"I finally got my life on [track]. I felt like I was being successful," says Rowland, who had just had a daughter and was enrolled as a student at Alvernia University. "I still owe them money for going delinquent cause I couldn't put my loans in deferment."

Rowland hasn't been back to school since his arrest in 2010 and now works as a barber. When he tells his side of the story, he frequently reaches to touch my knee to emphasize a point he finds particularly surreal. He sees a sort of grim humor in the ordeal. "When you can say, 'Oh my God, like, they put drugs in my car,'"even friends and fellow prisoners doubted him, he says.

"Do you understand what this did to my family and my life?...It crushed me. I have never been the same [because the ordeal] put me in a dark place emotionally."

Hulmes' admission of perjury wrecked the prosecution. In January 2012, Common Pleas Court Judge James Murray Lynn ordered that the evidence be thrown out, forcing the DA to drop charges against Rowland. But at this point, he had already been incarcerated for 19 months.

"The police officer forthrightly testified to the Court that he lied consistently throughout to the [warrant] issuing magistrate and that he lied at the preliminary hearing and that he lied to his K-9 officer, all because he was trying to protect the identity of the confidential source," said Judge Lynn, excoriating Officer Hulmes for lying under oath and the DA for putting him on the stand. "You cannot put an officer on the witness stand who is going to say, 'I lied to an issuing magistrate; you cannot do that.'"

The arrest constituted a parole violation, and the state Board of Probation and Parole resisted letting Rowland go free. In all, he spent 28 months behind bars.

The case raises troubling questions for District Attorney Williams. Though Hulmes openly admitted to committing a felony, he was not prosecuted for more than three years. Instead, the DA continued to put Hulmes and Banning on the stand, and failed to disclose Hulmes' role in the admitted perjury to defense attorneys in cases involving the officers.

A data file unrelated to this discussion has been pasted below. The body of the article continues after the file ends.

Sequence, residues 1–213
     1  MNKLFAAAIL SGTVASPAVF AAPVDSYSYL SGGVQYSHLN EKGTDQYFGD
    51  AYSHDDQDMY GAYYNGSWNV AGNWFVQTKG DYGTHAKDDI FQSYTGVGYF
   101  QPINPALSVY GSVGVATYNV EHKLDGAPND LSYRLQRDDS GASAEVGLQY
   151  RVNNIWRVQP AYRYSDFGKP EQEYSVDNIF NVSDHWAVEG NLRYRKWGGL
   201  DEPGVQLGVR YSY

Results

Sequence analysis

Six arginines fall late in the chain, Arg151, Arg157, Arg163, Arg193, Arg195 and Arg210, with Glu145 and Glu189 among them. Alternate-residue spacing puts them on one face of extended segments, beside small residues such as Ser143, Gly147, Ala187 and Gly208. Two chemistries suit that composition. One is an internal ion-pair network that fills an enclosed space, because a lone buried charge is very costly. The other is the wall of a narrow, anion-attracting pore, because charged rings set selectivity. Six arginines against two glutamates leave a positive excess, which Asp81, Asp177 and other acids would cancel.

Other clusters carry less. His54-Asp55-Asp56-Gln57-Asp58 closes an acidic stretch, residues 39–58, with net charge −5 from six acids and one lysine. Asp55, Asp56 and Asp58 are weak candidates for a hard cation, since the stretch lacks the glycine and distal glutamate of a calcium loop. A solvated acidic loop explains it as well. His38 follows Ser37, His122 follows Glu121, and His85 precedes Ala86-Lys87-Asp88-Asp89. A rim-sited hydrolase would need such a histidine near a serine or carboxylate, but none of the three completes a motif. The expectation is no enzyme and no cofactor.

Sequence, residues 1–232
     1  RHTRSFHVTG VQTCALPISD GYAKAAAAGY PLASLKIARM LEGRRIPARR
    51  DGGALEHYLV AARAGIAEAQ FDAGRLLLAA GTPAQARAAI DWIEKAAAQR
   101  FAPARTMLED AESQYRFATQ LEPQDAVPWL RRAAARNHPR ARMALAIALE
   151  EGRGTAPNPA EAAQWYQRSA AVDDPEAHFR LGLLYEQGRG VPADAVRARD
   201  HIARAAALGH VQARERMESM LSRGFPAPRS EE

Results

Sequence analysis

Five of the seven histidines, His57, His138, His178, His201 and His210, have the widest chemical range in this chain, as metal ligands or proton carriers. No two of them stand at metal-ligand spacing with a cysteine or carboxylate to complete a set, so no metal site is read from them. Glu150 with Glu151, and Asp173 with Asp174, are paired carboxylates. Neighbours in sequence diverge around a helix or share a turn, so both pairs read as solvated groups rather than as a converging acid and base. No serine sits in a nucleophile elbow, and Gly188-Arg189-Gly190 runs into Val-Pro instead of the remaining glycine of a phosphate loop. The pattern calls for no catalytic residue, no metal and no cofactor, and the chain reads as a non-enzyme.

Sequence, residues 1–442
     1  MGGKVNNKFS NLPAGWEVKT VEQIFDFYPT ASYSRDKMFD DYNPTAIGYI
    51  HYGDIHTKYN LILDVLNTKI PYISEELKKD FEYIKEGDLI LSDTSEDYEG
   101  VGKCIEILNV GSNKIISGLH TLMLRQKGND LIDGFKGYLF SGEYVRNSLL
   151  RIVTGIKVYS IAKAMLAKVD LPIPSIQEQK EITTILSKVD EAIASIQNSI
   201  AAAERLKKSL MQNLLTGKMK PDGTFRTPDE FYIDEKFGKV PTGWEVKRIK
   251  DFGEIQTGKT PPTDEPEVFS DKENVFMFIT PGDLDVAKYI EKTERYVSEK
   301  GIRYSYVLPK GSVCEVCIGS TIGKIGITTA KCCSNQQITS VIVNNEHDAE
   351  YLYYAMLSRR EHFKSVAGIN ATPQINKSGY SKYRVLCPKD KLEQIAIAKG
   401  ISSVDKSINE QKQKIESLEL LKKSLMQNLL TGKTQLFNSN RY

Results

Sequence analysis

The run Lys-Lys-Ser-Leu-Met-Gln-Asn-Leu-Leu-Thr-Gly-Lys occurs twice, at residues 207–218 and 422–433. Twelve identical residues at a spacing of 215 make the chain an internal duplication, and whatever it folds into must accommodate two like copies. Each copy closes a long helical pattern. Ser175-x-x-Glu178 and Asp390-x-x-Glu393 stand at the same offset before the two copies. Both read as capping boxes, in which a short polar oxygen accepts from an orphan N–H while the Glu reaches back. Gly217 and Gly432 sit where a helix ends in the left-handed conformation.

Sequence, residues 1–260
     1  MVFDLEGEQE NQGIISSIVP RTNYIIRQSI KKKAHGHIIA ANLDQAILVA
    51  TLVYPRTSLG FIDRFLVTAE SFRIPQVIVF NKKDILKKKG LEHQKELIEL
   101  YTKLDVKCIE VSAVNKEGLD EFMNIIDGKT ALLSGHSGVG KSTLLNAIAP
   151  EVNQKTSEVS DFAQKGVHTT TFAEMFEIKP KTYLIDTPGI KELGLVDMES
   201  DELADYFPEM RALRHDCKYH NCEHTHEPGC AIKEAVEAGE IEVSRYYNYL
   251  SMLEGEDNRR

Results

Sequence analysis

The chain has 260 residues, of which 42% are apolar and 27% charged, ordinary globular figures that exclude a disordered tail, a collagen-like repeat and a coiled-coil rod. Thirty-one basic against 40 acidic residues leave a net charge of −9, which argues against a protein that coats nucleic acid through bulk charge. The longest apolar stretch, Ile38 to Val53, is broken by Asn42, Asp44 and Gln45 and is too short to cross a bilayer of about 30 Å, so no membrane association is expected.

Some lawyers, including prosecutors, had known about the case since at least December 2011. But it was not widely publicized until August 2014, when City Paper published an investigation into the admitted perjury. After publication, the Police Department quickly took Hulmes and Banning off the street, and initiated an investigation. But the DA continued to call them as witnesses in the months that followed, insisting they were credible despite defense lawyers' objections. Prosecutors were, however, clearly eager to keep the two officers from testifying, letting many defendants charged with felonies plead to lesser misdemeanor charges or dismissing the charges altogether.

After City Paper's story was published, the DA did hand defense lawyers a thick packet of discovery materials detailing Hulmes' admitted lies, detailing testimony from Rowland's case and related Internal Affairs investigations. But that was information that they had likely been required, under what is known as the Brady Rule, to turn over since Hulmes first admitted to lying — in December 2011.

Correction: Due to an editing error, it was incorrectly stated that Rowland had been arrested in 2011. As it states elsewhere in the story, he was arrested in 2010.